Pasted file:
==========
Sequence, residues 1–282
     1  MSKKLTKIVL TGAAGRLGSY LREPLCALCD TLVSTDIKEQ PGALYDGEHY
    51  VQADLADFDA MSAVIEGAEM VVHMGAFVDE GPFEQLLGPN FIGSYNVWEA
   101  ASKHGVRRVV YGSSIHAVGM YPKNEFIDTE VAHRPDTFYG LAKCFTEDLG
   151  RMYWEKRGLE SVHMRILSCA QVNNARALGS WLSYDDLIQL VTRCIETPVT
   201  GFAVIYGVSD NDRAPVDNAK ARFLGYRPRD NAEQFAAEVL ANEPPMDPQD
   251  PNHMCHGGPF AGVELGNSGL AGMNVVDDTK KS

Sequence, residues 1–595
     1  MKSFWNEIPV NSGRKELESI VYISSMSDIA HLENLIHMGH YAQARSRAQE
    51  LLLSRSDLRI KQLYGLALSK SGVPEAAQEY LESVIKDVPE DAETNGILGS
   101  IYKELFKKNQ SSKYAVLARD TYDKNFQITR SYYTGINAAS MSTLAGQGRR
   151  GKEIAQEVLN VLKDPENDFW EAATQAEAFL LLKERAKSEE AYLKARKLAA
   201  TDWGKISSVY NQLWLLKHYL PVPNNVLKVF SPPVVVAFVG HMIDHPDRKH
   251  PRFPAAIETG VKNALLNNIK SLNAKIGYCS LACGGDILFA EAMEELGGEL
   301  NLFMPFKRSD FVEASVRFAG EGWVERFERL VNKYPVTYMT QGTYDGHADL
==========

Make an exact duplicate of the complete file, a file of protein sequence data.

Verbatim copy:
Sequence, residues 1–282
     1  MSKKLTKIVL TGAAGRLGSY LREPLCALCD TLVSTDIKEQ PGALYDGEHY
    51  VQADLADFDA MSAVIEGAEM VVHMGAFVDE GPFEQLLGPN FIGSYNVWEA
   101  ASKHGVRRVV YGSSIHAVGM YPKNEFIDTE VAHRPDTFYG LAKCFTEDLG
   151  RMYWEKRGLE SVHMRILSCA QVNNARALGS WLSYDDLIQL VTRCIETPVT
   201  GFAVIYGVSD NDRAPVDNAK ARFLGYRPRD NAEQFAAEVL ANEPPMDPQD
   251  PNHMCHGGPF AGVELGNSGL AGMNVVDDTK KS

Sequence, residues 1–595
     1  MKSFWNEIPV NSGRKELESI VYISSMSDIA HLENLIHMGH YAQARSRAQE
    51  LLLSRSDLRI KQLYGLALSK SGVPEAAQEY LESVIKDVPE DAETNGILGS
   101  IYKELFKKNQ SSKYAVLARD TYDKNFQITR SYYTGINAAS MSTLAGQGRR
   151  GKEIAQEVLN VLKDPENDFW EAATQAEAFL LLKERAKSEE AYLKARKLAA
   201  TDWGKISSVY NQLWLLKHYL PVPNNVLKVF SPPVVVAFVG HMIDHPDRKH
   251  PRFPAAIETG VKNALLNNIK SLNAKIGYCS LACGGDILFA EAMEELGGEL
   301  NLFMPFKRSD FVEASVRFAG EGWVERFERL VNKYPVTYMT QGTYDGHADL